We have updated our pre-print titled “On the Complexity of the BKW Algorithm on LWE” on ePrint.
There are two main changes and the reasons why I am mentioning this update here.
- We included a more thorough comparison with other approaches, in particular, with lattice reduction (reducing LWE to SIS). To our surprise, BKW is quite competitive even in relatively modest dimensions. For Regev’s and Lindner-Peikert’s parameter sets (as interpreted here) we get that BKW is at least as fast as BKZ starting in dimension , which I find very low (see Table 4 on page 19).
- We also provide an alternative approximating for the running time of BKZ. The standard estimate due to Lindner-Peikert is where is the targeted root hermit factor. Interpolating estimates from the BKZ 2.0 simulator and reflecting on the doubly exponential running time of BKZ in the blocksize we found: . However, since this might be controversial, we include estimates for both models.
We introduce software for the generation of instances of the LWE and Ring-LWE problems, allowing both the generation of generic instances and also particular instances closely-related to those arising from cryptomania proposals in the literature. Our goal is to allow researchers to attack different instances in order to assess the practical hardness of LWE and Ring-LWE. This will in turn give insight to the practical security of cryptographic systems based on both problems.
I am currently attending ESC 2013 in Mondorf, Luxembourg. Over dinner someone mentioned that there is no known reduction from LPN to lattice reduction, i.e., it is not known that you can solve LPN with LLL and friends. This seems rather strange to me, because the standard lattice attack on LWE seems to be carrying over as is:
n = 100 # number of variables m = 400 # number of samples A = random_matrix(GF(2), m, n) s = random_vector(GF(2), n) # our secret p = 0.25 # our error rate v = A*s + vector(GF(2),[1 if random() < p else 0 for _ in range(m)]) # we are searching for a short vector in the dual lattice B = A.kernel().matrix() L = B.change_ring(ZZ).LLL() # because a short vector there, means few additions which means a higher bias in the sum Av = A.augment(v) sum(map(lambda x: abs(x) % 2,L)), (L*Av)[-1]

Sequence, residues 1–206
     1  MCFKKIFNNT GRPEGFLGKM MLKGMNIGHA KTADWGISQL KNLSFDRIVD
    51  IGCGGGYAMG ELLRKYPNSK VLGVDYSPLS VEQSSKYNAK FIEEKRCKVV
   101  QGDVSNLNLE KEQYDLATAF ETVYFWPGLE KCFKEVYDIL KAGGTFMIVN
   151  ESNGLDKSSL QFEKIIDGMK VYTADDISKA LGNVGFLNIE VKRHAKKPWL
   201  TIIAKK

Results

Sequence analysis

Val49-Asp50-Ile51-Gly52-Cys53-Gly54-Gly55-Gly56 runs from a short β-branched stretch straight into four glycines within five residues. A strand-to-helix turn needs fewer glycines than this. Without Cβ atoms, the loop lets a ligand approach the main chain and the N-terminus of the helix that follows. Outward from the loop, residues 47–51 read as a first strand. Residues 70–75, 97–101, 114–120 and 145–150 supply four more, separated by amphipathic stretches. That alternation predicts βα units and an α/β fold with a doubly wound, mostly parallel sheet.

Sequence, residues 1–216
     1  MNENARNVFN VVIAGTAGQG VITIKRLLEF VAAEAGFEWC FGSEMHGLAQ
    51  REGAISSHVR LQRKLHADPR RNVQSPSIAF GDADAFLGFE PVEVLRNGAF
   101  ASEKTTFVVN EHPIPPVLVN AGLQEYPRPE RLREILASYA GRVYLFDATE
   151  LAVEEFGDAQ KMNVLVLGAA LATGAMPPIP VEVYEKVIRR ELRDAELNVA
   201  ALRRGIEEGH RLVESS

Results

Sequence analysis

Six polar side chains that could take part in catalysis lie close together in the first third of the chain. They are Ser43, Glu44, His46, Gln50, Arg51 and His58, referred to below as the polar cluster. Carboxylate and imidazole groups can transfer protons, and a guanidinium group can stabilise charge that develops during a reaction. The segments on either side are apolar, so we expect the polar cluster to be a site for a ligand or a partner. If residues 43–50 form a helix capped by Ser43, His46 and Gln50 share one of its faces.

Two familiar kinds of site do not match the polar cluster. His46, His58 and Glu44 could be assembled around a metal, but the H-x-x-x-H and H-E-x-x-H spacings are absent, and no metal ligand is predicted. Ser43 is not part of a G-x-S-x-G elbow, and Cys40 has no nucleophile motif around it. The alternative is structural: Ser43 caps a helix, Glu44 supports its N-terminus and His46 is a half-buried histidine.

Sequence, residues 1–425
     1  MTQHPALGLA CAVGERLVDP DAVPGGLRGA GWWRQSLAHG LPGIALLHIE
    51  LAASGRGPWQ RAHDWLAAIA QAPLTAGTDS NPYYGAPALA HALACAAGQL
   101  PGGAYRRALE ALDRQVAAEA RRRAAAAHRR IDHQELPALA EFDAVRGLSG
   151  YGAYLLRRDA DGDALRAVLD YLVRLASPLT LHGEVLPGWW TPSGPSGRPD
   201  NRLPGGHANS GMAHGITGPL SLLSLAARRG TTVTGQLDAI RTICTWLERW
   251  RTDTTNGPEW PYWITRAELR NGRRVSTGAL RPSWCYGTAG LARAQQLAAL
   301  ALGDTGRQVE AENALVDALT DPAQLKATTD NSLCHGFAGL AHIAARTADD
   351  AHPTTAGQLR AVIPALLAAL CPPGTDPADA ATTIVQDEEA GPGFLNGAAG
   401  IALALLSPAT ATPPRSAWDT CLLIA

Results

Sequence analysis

Of course, this means running lattice reduction many times, but still: what am I missing?
PS: Obligatory, Sage cell here.
After my talk at Sage Days 35 in Warwick (that was in winter 2011) David Harvey had an idea on how to speed up matrix multiplication over . We spend some time on this in Warwick and developed this idea further (adding fun stuff like Mixed Integer Programming in the process) but did not get around to do much on this project in the mean time (I have explained the idea at the end of my talk in Mykonos, though).
Just now, in a conversation with Richard Parker I was reminded of this dormant project, i.e., the question of how many multiplications i it takes to do a multiplication in . In particular, I recalled to have written some code for Sage which gives some upper bound to this answer which is better than Karatsuba.
Well, here’s an interactive demo … gosh, I love the Sage cell server.
I have just pushed the button to release M4RI 20121224. The main feature of this release is a considerable performance improvement. It all started with Fast matrix decomposition in F2 by Enrico Bertolazzi and Anna Rimoldi showing up on the arXiv. Here’s the abstract
In this work an efficient algorithm to perform a block decomposition (and so to compute the rank) of large dense rectangular matrices with entries in F2 is presented. Depending on the way the matrix is stored, the operations acting on rows or block of consecutive columns (stored as one integer) should be preferred. In this paper, an algorithm that completely avoids the column permutations is given. In particular, a block decomposition is presented and its running times are compared with the ones adopted into SAGE.
… and that comparison made M4RI (which realises this functionality in Sage) look pretty bad. I did’t (and still don’t) share the implicit assumption that avoiding column swaps was the key ingredient in making this code so much faster than ours. I assume the impressive timings are due to a very efficient base case implementation. Anyway, we sat down and looked for performance bottlenecks the result of which is 20121224. I actually have no idea whether we caught up to the code described in Enrico’s and Anna’s pre-print as they did not publish their sources.
Still, the performance improvements over 20120613 were worth the trouble. Below two plots of the (normalised) leading constants giving the leading constants for multiplication and elimination respectively (more plots on imgur) That is, it plots the running time divided by . In theory these plots should all have slope 0.
Finally, here’s the plot for Fast matrix decomposition in F2 which starts very small but has a rather large slope. That’s why I concluded that the performance stems from a very efficient base case. I should get in touch with Enrio and Anna about this.
I committed support for finite fields up to degree 16 to M4RIE a few days ago. Furthermore, the dependency on Givaro for constructing finite fields was dropped.
Don’t get me wrong. Givaro is a fine library, much better than what I wrote for M4RIE. However, it is a C++ library while M4RIE is a C library and the little functionality of finite field arithmetic needed in M4RIE was not that hard to add natively. In the past M4RIE relied on Givaro for running tests and benchmarks, the core library was always free of C++. However, as we plan to add support for high-degree polynomials over matrices over, we need the ability to create finite extensions of on the fly in the core library.